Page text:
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4 fundamental practices for serverless architecture security

Are you ready for serverless security? Learn about four critical planning considerations software teams need to focus on if they plan to adopt serverless.

Serverless computing adopters have little knowledge of what underlying physical hardware and software providers use to support workloads. Enterprises adopting serverless, therefore, have little knowledge about the security of those systems. The abstraction of the serverless platform requires that software teams start thinking differently.

There are four major points of serverless architecture security: the platform vendor's specific security methods, secure coding methods, diligent data encryption and rigorous token management.

Understand vendors' security approaches

Third-party public cloud providers host the majority of serverless computing activity. Prospective users should make sure they are confident in the base level of security that these platforms offer.

Although there are cases of security breaches of workloads that sit on top of these cloud platforms, these problems tend to occur on the application side, due to poor workload architecture. The underlying vendor resources should not be an issue, as they deal with cloud security attentively and across a vast offering.

If your organization doesn't choose a major vendor, like Google, AWS or Microsoft, for serverless, your team might be responsible to ensure the serverless provider closely follows specific policies and procedures.

Avoid insecure code at all costs

If your code is insecure, you leave a door open for anyone to gain basic access to the platform, no matter how secure that platform is. One step to secure serverless application code is to build in protections from the point of access using approaches like two-factor authentication and OAuth (Open Authorization).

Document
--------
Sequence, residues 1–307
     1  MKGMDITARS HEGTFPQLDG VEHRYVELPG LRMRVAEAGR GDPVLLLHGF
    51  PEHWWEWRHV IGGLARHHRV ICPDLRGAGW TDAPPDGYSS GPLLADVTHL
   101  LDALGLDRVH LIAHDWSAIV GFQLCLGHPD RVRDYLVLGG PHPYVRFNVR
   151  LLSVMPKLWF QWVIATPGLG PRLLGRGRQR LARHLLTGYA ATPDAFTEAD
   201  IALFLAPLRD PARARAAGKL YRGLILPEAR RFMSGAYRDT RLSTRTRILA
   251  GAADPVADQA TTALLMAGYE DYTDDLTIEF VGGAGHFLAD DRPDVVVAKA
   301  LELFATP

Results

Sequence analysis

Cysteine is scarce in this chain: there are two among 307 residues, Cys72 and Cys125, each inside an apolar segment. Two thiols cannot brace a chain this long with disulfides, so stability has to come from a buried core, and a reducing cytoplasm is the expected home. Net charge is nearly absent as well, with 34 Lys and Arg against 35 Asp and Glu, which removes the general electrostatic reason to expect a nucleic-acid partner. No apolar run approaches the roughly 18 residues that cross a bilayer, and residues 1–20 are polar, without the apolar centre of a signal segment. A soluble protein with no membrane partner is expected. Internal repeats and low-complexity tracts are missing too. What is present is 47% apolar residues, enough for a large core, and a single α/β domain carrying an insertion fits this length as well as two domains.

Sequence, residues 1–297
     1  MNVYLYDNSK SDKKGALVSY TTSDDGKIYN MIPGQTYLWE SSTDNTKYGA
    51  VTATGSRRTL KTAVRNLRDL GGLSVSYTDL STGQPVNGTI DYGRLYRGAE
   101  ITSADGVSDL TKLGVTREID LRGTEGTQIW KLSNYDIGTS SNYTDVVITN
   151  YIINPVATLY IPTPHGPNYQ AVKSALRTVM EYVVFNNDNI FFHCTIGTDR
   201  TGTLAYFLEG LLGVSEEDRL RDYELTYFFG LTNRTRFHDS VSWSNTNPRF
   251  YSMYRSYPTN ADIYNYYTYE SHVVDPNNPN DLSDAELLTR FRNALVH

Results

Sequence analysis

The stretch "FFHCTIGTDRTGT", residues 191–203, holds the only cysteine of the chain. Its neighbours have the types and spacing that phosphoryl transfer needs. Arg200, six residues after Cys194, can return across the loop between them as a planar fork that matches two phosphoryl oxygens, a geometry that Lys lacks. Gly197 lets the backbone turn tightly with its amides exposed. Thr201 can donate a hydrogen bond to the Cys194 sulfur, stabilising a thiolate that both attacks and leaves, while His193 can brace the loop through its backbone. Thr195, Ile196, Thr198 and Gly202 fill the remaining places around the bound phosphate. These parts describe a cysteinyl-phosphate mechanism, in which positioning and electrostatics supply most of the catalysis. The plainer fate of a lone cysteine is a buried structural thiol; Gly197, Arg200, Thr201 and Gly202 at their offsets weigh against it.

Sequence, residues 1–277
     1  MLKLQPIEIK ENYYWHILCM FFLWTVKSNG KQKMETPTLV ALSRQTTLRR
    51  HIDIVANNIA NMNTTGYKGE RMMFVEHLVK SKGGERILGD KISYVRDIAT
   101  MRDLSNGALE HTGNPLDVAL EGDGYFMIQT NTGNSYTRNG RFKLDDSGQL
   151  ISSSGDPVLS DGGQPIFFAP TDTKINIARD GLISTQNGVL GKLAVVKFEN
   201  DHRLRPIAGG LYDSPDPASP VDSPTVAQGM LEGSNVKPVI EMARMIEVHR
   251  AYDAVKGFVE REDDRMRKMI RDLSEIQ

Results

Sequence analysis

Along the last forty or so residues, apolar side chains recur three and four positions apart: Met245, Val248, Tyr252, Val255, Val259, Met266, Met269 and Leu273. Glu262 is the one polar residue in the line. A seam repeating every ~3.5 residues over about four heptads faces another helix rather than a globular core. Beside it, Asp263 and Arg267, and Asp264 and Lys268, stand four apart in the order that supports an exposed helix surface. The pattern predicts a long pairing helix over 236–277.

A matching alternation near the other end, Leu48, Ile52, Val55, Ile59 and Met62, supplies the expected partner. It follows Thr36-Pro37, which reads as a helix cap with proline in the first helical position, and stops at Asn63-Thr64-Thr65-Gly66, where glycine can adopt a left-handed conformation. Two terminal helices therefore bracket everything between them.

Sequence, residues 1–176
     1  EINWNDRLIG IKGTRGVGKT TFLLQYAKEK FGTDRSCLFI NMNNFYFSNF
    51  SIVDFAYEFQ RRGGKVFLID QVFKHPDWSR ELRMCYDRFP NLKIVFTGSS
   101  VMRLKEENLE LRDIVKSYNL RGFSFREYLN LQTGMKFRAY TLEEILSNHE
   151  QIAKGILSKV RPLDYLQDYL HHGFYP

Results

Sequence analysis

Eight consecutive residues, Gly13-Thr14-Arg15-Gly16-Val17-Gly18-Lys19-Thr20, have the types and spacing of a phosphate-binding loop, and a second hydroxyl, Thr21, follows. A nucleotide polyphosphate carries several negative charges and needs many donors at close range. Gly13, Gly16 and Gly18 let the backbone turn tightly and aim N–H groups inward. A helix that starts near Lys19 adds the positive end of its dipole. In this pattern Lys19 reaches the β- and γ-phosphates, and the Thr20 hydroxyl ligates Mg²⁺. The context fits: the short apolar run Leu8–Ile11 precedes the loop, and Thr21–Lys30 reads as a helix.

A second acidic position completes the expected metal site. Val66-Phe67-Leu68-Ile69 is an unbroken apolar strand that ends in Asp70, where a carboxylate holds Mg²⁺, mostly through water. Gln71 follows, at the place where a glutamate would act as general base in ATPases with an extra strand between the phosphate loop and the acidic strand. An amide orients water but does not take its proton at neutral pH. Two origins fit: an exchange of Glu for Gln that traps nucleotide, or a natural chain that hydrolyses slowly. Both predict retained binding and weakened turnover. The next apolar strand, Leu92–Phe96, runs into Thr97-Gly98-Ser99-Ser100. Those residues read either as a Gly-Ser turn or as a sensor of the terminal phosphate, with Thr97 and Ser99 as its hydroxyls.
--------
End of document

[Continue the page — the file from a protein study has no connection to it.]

As the layers of physical, virtual, application, database and user interactions get abstracted and evolve in serverless architectures, organizations must focus on ways to protect data.

Another way to put intelligence behind these points of access is to use time and place as alternate factors for authentication. This tactic identifies discrepancies, such as if a user logs in from New York, but 10 minutes later tries to log in from Tokyo. An access control security setup can also discern things such as if a user attempts to access highly secure information from a coffee shop's public Wi-Fi network, which is incongruous behavior.

Data encryption is critical

The underlying data for a serverless workload should be your team's main security concern. With serverless, the end device is still there as it is in traditional application designs, but it stores little to no transactional data or transient information, as all this data remains in the cloud.

The trick is to ensure that data exists as a binary stream of ones and zeros, at least from the perspective of a malicious attacker. The team should encrypt data both at rest and on the move and also ensure that any entity requesting data is who or what it purports to be.

Create a dynamic token system

Token systems, such as OAuth, give requestors access via an agreed-upon authentication method that carries over from point of authentication to the workload.

When the requesting entity is another serverless workload, it becomes difficult for the system to create a strict token that combines standard, software-based details with physical details, like IP addresses. It also doesn't help that IP addresses are too easily spoofed.

Instead, you need certified tokens between the serverless environments. Security tokens work with digital certificates for validation. The workloads remain dynamic and flexible, but any request from one workload to another has a dependable method of proving the workload's identity. Once this identity confirmation takes place, a one-time token is issued for that session. And, if needed, you can set tokens to time out during a session for extra security.

Token-based authentication between services does not necessarily affect the users of a serverless application, and they should not need to log in again as these confirmations take place. The workload that gets called maintains state in the background but, at the same time, requests that the calling workload receives a new token. This action takes little time and should work smoothly, although the most time-dependent workloads, such as financial trading systems, may find even small delays intolerable.

Serverless security does not exist in a vacuum. IT organizations have adapted workload security practices as hosting resources evolved from physical to virtual and then from cloud to multi-cloud. As the layers of physical, virtual, application, database and user interactions get abstracted and evolve in serverless architectures, organizations must focus on ways to protect data.

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